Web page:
- Action: some of them will buy or take whatever action you want them to take
Despite the perceived simplicity of funnels, they can get too complex too quickly once executed. Add to that the different models deployed by many marketers, and it’s easy to get lost in the weeds, especially if you study them from the inside. That’s why it’s important for us to start with an overview. To see the forest from the trees.
Marketing Funnel Variants
To minimize confusion, we need to understand there’s no universal model. It all depends on the industry, types of customers, buying cycles, and business goals.
Aside from the original AIDA model, here are the typical versions you’ll see in the wild:
- Top of the funnel (TOFU) > Middle of the funnel (MOFU) > Bottom of the funnel (BOFU)
- Awareness > Consideration > Conversion > Loyalty > Advocacy
- Awareness > Opinion > Consideration > Preference > Purchase
- Awareness > Interest > Evaluation > Commitment > Sale > Repeat
- Awareness > Interest > Consideration > Intent > Evaluation > Purchase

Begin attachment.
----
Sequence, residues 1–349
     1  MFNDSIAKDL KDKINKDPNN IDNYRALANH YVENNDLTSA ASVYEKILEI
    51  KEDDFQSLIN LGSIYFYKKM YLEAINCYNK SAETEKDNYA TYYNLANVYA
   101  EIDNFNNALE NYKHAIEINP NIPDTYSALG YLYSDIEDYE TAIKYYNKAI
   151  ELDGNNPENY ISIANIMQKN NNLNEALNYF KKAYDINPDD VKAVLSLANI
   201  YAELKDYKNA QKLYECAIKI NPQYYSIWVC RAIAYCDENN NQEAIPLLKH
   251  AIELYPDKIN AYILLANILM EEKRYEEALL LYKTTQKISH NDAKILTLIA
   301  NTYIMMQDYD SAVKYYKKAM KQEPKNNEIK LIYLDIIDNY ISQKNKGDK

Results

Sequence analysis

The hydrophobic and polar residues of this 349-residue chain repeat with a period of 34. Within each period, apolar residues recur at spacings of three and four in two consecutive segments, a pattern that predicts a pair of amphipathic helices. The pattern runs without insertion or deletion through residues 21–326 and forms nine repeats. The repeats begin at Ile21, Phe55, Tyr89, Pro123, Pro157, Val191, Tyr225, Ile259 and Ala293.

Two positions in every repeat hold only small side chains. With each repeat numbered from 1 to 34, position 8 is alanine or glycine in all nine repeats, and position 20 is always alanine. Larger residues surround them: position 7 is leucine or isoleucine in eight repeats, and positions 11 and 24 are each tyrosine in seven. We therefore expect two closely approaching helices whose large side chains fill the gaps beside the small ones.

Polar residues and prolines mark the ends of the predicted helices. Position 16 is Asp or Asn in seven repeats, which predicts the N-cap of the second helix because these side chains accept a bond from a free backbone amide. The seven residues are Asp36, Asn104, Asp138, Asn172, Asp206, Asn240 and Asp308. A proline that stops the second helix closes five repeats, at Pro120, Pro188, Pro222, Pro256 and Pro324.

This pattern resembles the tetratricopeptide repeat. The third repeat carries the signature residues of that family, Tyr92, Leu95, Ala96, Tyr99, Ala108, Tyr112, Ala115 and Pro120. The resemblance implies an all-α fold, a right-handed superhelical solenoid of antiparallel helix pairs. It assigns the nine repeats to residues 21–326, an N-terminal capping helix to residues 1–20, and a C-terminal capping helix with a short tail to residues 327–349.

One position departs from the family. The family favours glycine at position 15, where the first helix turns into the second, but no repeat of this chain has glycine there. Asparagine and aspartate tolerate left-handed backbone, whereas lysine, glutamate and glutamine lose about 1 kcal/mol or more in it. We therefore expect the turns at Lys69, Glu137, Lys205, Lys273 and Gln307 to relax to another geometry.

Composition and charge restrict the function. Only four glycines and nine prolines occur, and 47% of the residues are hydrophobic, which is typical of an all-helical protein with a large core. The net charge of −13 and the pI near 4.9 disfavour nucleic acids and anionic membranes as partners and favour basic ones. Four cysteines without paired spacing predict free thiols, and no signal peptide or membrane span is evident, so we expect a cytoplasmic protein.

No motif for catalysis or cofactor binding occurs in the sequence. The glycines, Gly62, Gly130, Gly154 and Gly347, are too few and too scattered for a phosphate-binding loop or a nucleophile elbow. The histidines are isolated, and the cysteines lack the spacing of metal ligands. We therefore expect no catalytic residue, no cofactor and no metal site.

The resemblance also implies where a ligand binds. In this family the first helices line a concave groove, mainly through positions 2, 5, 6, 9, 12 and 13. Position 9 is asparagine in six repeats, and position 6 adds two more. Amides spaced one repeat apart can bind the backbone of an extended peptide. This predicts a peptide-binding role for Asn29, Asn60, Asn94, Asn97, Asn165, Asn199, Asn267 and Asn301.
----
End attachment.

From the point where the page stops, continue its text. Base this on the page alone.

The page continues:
- Awareness > Interest > Consideration > Purchase > Retention
As you can see, there is no one-size-fits-all marketing funnel out there. And as you probably noticed, some use different words that essentially mean the same things.
Why we love funnels
Now, on to the reasons why we chose to be known as marketing funnel experts.
- It forces us to know our target audience well. This is elementary. The starting point of a good marketing plan is understanding the needs, wants, and demands of target customers. Yet, with so many marketing tools, channels, and trends out there, it’s easy to lose track of this first principle. Using a funnel forces us to define our target audience because it’s the only way we can figure out which lead magnets are effective in nurturing our prospects.